Who controls what agencies are allowed to do with my data?
All organisations that collect and process personal data are regulated by the Data Protection Act 1998, overseen by the Information Commissioner’s Office. All credit reference agencies are in regular dialogue with the Commissioner. Use of the Electoral Register is controlled under the Representation of the People Act 2000.
Can just anyone look at my data held at credit reference agencies?
No. Access to your information is very strictly controlled and only those entitled to do so may see it. Usually, that’ll only be with your agreement or (very occasionally) if there is a legal requirement.
Find out more
Get in touch with the CRAs in the UK. Each of them might have different information, so it’s worth contacting them all. They’ll charge you a small statutory fee.
Consumer Services Team PO Box 491
Phone: 0870 0601414
Credit File Advice Centre
PO Box 3001
Phone: 0870 010 0583
Consumer Help Service
PO Box 8000
Phone: 0870 241 6212
¹A financial associate will be someone with whom you have a personal relationship that creates a joint financial unit in a similar way to a married couple. You’ll have been living at the same address at the time. It’s not intended to include temporary arrangements, such as students or rented flat sharers or business relationships.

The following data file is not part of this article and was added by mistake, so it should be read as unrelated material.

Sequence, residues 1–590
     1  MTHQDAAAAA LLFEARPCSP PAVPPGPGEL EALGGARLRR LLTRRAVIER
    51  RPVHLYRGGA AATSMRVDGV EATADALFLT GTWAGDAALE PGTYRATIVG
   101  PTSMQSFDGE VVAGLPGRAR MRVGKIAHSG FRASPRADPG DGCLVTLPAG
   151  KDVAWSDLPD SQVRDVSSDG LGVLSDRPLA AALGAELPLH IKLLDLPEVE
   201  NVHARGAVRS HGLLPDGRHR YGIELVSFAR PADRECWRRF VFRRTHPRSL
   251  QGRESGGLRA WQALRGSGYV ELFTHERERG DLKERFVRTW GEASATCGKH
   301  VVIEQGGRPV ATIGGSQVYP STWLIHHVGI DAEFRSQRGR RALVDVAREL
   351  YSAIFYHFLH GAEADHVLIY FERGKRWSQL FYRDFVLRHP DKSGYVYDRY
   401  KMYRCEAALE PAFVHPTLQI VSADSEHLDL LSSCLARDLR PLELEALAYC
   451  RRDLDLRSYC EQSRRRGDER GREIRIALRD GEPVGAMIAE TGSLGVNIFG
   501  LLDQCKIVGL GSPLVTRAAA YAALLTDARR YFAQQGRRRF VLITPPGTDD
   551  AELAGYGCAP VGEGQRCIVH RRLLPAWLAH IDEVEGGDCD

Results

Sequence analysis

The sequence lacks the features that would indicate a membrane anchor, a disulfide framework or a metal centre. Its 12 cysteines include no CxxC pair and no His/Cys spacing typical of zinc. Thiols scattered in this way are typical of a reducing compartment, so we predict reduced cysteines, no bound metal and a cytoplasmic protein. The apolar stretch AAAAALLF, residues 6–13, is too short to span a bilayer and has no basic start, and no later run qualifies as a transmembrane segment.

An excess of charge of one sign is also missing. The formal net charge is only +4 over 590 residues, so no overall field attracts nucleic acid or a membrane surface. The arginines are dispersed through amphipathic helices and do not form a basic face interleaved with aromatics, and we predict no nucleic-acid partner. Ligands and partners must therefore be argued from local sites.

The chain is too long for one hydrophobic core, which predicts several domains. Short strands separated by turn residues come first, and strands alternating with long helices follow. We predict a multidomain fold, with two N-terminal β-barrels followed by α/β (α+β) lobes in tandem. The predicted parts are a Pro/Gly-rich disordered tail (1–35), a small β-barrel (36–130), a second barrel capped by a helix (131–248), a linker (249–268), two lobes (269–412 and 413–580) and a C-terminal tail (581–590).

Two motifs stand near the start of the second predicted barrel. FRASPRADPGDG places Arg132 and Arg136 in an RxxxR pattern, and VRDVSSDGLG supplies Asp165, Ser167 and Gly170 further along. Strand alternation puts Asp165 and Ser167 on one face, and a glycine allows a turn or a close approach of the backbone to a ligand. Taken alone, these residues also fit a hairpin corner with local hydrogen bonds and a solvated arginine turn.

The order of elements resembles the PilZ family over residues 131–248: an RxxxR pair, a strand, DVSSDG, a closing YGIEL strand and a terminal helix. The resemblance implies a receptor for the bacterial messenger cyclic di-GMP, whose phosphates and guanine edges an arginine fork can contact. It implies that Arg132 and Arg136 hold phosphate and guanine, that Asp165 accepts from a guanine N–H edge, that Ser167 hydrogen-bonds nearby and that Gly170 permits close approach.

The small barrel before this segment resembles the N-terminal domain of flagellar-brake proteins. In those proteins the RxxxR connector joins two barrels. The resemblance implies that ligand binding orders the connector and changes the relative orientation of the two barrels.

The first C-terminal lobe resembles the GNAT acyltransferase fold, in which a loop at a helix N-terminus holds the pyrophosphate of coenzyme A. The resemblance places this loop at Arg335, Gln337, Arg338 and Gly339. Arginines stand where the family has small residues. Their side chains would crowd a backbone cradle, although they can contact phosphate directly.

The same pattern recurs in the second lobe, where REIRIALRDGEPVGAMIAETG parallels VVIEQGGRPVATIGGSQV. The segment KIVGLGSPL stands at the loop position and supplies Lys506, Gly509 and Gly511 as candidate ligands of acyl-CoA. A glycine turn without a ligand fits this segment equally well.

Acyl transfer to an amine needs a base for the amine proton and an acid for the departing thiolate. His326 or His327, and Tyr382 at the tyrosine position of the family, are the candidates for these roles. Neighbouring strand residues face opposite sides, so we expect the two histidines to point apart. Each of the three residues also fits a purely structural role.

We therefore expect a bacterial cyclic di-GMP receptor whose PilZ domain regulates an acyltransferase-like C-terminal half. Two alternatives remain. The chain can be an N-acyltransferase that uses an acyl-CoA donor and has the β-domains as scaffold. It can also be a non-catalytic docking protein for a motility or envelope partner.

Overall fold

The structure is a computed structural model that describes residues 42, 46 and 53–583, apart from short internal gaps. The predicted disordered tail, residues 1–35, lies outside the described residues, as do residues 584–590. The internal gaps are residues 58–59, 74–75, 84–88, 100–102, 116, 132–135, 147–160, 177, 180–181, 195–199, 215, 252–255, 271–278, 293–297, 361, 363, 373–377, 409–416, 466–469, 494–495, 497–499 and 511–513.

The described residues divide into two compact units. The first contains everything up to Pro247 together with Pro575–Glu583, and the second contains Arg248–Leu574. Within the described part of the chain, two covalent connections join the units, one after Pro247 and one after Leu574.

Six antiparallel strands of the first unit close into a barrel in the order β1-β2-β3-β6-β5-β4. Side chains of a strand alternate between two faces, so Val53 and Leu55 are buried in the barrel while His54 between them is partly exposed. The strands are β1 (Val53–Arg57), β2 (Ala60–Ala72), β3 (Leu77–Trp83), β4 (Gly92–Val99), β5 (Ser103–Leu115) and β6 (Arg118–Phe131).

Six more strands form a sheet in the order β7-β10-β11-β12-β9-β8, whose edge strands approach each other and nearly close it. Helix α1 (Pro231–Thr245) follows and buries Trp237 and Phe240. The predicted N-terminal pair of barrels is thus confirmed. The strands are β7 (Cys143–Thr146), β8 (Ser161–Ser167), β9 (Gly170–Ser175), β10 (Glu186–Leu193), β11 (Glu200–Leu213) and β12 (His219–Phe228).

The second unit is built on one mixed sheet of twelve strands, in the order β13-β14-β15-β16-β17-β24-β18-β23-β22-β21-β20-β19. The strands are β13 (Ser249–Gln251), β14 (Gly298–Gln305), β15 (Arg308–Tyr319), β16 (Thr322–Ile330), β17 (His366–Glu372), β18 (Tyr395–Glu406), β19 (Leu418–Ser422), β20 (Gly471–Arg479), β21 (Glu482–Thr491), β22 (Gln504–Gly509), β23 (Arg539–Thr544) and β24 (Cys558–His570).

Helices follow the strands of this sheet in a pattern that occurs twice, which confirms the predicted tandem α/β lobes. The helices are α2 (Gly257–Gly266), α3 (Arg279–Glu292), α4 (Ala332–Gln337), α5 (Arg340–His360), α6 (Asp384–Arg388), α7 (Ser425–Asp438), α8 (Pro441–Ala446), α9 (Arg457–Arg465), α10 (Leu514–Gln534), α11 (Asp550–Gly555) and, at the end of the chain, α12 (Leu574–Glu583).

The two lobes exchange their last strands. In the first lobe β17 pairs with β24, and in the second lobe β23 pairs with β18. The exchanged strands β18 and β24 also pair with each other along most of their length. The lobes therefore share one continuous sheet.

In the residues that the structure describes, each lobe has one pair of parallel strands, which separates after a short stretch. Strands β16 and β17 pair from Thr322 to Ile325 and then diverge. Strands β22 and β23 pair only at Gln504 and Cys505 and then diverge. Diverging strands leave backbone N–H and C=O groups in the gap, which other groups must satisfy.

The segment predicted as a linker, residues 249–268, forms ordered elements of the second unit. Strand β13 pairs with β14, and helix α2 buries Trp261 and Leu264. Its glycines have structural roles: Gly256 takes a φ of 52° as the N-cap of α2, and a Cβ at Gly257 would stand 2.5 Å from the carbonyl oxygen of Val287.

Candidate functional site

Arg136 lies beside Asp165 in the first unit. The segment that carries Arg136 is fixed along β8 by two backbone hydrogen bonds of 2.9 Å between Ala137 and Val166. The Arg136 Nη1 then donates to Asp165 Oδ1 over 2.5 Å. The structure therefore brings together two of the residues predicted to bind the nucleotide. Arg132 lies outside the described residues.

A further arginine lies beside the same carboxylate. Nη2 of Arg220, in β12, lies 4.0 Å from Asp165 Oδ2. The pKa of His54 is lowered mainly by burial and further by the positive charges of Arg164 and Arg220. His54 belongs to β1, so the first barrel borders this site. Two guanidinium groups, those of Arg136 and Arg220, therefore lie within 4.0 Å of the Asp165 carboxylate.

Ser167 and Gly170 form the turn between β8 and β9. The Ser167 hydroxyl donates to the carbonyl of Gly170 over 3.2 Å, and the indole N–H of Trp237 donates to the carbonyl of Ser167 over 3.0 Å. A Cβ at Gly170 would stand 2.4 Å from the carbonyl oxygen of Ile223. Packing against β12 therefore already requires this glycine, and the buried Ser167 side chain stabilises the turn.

²A small business is defined as an organisation which might be sole trader, partnership or a limited company that has three or less partners or directors.
³Credit reference agencies may link together the records of people that are part of a financial unit. They may do this when people are known to be linked, such as being married or have jointly applied for credit or have joint accounts. They may also link people together if they, themselves, state that they are financially linked.
4Financial associates (see 1 a) iii) may ‘break the link’ between them if their circumstances change such that they are no longer a financial unit. They should apply for their credit file from a credit reference agency and file for a ‘disassociation’.
Reading your bill . . .